Posted on

Cuba develops the world’s first conjugate vaccine for COVID-19

The design and manufacturing of the conjugate vaccines allows them to be stored in regular refrigeration settings of 2–8 degree Celsius

Cuba’s State-run corporation, BioFarma, said on Friday that its indigenously produced Soberana 2 vaccine was 91.2% efficacious in phase-3 trials. This follows closely on an announcement that another of its vaccines, Abdala, had reported an efficacy of 92.8% in late stage trials.

The greater-than-90% efficacy puts them in a select league; however, unlike the Pfizer-BioNTech and Moderna vaccines that had reported an efficacy of over 90%, both the Soberana and Abdala are three-shot vaccines.

Both are subunit vaccines, meaning that a part of the virus forms the antigen and is hitched on to another construct. In Abdala the spike protein of the coronavirus is combined with a chemically manufactured adjuvant, whereas in Soberana 2, the spike protein is chemically linked to the tetanus toxoid, making it a conjugate vaccine. The design and manufacturing allows the vaccine to be stored in regular refrigeration settings of 2–8 degree Celsius.

Conjugate vaccines

The most common conjugate vaccines are those used for Haemophilus influenza type b and the pneumococcal bacteria. However, a unique aspect of the Soberana vaccine is that it is by far the only one among coronavirus vaccine candidates that relies on the conjugate vaccine technology.

Marlene Ramirez Gonzales, one of the scientists involved in the Cuban vaccine development project, in a March letter to the British Medical Journal explained the rationale:

“The [Carribean] island’s four vaccine candidates against COVID-19 are developed as subunit vaccines, one of the most economical approaches and the type for which Cuba has the greatest know-how and infrastructure. From protein S – the antigen or part of the SARS-CoV2 virus that all COVID vaccines target because it induces the strongest immune response in humans – Cuban [vaccine] candidates are based only on the part that is involved in contact with the cell’s receptor: the RBD (receptor-binding domain) which is also the one that induces the greatest number of neutralising antibodies…Cuba had already developed another vaccine with this principle. It is Cheimi-Hib, ‘the first of its kind to be approved in Latin America and the second in the world’, against haemophilus influenzae type b, coccobacilli responsible for diseases such as meningitis, pneumonia and epiglottitis.”

Experts say that while there are no inherent disadvantages to taking a conjugate-vaccine approach for coronavirus vaccines, they have generally been used against bacteria and not viruses.

The two parts of a conjugate vaccine are typically connected by chains of polysaccharides, according to epidemiologist and public health expert, Chandrakant Lahariya, and they generally induce a weaker immune response in young children. “Cuba has a long history of vaccine development and has developed certain platforms that work to their advantage. So it makes sense for them to adopt this route. There is nothing inherently disadvantageous, though, to this approach,” he said.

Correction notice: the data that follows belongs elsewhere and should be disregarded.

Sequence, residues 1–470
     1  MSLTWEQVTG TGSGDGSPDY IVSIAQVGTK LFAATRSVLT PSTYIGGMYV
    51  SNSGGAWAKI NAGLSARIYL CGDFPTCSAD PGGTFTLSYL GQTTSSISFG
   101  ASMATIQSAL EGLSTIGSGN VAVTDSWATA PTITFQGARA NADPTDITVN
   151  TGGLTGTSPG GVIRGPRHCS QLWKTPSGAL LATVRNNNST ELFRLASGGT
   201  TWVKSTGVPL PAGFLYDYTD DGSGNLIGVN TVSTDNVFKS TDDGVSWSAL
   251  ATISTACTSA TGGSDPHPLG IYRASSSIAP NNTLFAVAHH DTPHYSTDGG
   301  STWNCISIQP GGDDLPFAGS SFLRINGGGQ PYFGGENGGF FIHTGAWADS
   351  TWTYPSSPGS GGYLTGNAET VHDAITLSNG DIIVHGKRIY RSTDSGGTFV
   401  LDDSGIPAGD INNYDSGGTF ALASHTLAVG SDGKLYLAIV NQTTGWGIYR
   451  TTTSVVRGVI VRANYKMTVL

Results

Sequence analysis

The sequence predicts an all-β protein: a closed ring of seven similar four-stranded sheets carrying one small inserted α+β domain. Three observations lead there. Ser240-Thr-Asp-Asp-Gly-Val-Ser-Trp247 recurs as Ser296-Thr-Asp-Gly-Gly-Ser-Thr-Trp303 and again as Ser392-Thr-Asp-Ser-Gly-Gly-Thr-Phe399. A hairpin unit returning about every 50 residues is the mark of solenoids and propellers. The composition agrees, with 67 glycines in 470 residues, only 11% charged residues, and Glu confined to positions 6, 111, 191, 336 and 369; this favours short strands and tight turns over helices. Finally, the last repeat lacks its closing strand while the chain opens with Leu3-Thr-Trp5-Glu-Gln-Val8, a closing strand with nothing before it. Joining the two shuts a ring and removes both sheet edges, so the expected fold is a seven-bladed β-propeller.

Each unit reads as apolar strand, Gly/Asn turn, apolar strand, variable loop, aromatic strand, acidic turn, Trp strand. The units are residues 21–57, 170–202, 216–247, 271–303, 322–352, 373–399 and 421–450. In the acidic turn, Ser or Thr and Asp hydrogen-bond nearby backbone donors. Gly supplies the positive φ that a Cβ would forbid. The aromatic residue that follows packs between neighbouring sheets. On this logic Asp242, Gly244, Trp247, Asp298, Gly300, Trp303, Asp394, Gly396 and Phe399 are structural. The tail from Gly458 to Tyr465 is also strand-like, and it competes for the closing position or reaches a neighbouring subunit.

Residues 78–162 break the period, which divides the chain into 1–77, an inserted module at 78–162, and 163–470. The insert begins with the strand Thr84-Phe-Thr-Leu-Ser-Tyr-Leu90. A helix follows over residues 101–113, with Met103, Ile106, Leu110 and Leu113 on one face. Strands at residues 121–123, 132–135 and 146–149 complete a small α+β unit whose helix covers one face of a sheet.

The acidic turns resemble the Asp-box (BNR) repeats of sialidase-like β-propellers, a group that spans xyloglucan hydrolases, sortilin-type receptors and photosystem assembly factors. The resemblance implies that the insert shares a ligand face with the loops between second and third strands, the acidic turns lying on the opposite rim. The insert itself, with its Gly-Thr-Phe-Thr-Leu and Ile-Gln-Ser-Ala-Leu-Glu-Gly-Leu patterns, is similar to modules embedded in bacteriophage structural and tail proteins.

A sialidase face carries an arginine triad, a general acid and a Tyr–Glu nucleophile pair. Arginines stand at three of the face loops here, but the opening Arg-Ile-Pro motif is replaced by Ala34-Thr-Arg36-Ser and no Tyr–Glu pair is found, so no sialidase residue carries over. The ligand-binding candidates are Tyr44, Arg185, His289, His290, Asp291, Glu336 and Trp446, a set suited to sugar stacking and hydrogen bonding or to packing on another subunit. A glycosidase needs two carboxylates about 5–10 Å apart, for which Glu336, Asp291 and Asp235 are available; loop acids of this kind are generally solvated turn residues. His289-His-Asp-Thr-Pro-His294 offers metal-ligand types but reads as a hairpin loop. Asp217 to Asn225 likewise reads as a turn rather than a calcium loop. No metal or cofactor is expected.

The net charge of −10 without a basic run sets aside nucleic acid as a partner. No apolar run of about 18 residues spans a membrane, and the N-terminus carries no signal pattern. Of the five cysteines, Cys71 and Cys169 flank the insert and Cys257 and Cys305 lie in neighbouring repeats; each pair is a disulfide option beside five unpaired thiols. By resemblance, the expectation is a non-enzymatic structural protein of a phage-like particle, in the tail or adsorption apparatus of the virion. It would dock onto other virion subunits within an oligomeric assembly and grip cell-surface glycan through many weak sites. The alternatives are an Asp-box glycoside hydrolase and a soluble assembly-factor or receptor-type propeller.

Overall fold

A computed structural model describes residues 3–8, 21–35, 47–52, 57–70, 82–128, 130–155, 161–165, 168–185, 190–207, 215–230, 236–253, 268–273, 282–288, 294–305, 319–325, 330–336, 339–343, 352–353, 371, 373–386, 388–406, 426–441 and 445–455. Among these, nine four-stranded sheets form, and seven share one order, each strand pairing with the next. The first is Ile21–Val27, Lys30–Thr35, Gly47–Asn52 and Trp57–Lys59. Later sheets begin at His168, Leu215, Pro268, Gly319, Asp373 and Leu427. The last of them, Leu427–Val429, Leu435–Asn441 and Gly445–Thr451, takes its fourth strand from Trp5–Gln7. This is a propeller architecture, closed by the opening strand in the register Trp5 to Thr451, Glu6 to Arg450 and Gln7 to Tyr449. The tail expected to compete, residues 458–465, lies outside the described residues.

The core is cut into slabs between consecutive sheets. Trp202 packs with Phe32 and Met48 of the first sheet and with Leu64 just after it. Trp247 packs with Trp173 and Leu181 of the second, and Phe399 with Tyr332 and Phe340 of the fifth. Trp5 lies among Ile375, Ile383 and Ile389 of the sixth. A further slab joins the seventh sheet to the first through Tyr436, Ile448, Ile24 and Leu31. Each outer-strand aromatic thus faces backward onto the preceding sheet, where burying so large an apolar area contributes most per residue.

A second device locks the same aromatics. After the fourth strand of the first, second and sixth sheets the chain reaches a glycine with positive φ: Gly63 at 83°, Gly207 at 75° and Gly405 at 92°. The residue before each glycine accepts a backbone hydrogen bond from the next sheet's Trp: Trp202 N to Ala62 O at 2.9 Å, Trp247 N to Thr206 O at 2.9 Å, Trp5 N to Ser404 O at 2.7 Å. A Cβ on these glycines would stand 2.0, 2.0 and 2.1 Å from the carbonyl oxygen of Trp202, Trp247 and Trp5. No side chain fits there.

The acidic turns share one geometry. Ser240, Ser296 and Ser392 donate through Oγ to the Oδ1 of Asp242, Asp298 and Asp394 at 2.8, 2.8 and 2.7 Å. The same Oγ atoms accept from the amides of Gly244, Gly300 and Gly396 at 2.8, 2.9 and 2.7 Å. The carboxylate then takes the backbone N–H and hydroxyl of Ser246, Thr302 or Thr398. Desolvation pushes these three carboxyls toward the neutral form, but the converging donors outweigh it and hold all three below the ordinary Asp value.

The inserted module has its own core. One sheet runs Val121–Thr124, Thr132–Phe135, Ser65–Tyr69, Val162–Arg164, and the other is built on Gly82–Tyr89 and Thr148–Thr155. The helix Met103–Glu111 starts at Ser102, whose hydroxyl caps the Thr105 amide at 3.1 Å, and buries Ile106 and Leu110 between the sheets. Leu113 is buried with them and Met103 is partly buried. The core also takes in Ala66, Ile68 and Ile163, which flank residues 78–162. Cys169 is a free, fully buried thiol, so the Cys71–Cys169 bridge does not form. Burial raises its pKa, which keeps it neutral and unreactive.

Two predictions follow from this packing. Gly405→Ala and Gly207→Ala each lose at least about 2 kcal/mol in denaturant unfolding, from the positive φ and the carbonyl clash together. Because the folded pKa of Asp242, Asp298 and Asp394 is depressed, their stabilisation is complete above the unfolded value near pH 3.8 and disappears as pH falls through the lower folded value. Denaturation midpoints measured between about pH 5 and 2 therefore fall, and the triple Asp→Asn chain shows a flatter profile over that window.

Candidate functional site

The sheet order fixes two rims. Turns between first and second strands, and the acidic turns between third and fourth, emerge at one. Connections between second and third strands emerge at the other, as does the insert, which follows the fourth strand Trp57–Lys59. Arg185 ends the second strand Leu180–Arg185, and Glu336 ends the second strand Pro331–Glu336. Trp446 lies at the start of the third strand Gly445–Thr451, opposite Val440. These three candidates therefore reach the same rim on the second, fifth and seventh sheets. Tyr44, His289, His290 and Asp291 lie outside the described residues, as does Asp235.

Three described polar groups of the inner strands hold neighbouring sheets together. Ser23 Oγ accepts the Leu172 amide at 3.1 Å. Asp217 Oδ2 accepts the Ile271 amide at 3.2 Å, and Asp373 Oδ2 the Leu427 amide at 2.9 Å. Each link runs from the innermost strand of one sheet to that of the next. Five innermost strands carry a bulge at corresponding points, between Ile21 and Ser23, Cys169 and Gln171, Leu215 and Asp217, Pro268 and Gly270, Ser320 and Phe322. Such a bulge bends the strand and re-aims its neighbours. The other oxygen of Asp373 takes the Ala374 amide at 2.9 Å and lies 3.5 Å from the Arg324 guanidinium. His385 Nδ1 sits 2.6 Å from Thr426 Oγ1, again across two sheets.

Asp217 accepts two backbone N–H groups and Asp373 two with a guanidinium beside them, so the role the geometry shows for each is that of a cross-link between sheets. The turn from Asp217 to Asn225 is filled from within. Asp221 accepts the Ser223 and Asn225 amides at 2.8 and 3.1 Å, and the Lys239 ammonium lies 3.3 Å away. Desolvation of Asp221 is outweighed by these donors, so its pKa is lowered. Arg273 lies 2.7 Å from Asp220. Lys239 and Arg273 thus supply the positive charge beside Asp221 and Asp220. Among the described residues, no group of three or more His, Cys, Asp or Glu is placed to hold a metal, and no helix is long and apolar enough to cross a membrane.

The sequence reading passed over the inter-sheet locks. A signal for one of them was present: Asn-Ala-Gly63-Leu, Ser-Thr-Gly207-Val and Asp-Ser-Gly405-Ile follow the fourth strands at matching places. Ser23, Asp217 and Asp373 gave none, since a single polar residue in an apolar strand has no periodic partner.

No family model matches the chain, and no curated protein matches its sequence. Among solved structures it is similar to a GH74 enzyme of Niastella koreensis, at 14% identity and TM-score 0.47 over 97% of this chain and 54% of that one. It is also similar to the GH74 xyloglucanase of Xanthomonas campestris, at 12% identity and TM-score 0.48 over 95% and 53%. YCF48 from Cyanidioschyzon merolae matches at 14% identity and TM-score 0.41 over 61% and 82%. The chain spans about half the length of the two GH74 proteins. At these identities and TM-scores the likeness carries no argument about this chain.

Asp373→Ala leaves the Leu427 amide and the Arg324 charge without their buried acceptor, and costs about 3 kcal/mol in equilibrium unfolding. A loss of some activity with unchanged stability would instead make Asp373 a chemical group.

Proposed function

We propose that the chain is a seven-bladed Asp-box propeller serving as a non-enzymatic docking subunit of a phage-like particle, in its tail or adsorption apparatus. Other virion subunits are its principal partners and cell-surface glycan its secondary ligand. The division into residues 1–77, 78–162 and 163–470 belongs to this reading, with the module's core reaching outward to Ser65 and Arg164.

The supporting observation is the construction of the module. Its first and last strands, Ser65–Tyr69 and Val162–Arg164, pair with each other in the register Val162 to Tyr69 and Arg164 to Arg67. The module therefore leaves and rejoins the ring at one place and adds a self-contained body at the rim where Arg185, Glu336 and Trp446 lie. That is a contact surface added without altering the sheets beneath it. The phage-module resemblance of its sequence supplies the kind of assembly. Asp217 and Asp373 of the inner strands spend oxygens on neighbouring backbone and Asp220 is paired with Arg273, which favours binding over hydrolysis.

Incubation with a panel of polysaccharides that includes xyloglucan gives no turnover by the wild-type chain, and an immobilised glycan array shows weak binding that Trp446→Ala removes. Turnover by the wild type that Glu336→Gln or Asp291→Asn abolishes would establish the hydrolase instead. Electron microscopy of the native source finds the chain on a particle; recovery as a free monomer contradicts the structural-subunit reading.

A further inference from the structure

Effective response

For an effective vaccine response, not only antibodies but even killer T-cells, or those produced by the immune system and capable of destroying infected cells, must be produced. In a protein sub-unit vaccine, the spike protein may be able to elicit a strong antibody response but when combined with the tetanus toxoid, a very widely used childhood vaccine and therefore one which the immune system recognises, such a T-cell response could also be generated and conferring more effective protection, said Shahid Jameel, virologist and Director, Trivedi School of Biosciences, Ashoka University.

He added that while there could be “logistic” concerns with a three-dose vaccine, it wasn’t right to compare efficacies of various vaccines as those numbers had different contexts. “Every vaccine’s efficacy results are in comparison to placebo, and not against another vaccine…. each trial was done differently.”

While the efficacy results of the Cuban vaccines haven’t been published in peer-reviewed journals, that the vaccines have been developed entirely by the public health system and amidst a U.S. trade embargo, are among the reasons why they have evoked interest in several other Caribbean countries as well as beyond.

Global response

Iran’s Pasteur Institute has said it will participate in phase-3 clinical trials for Soberana 02, with another 60,000 to be enrolled in Venezuela. Other countries including Mexico, Jamaica, Vietnam, Pakistan and India have expressed an interest in the Cuban vaccines, as has the African Union (on behalf of all 55 of the African nations). Cuba, which exports medical services, has said it will apply different rates for vaccines depending on the importer’s ability to pay.

Source: DreamAfrica LIVE (A DreamGalaxy Trusted Brand)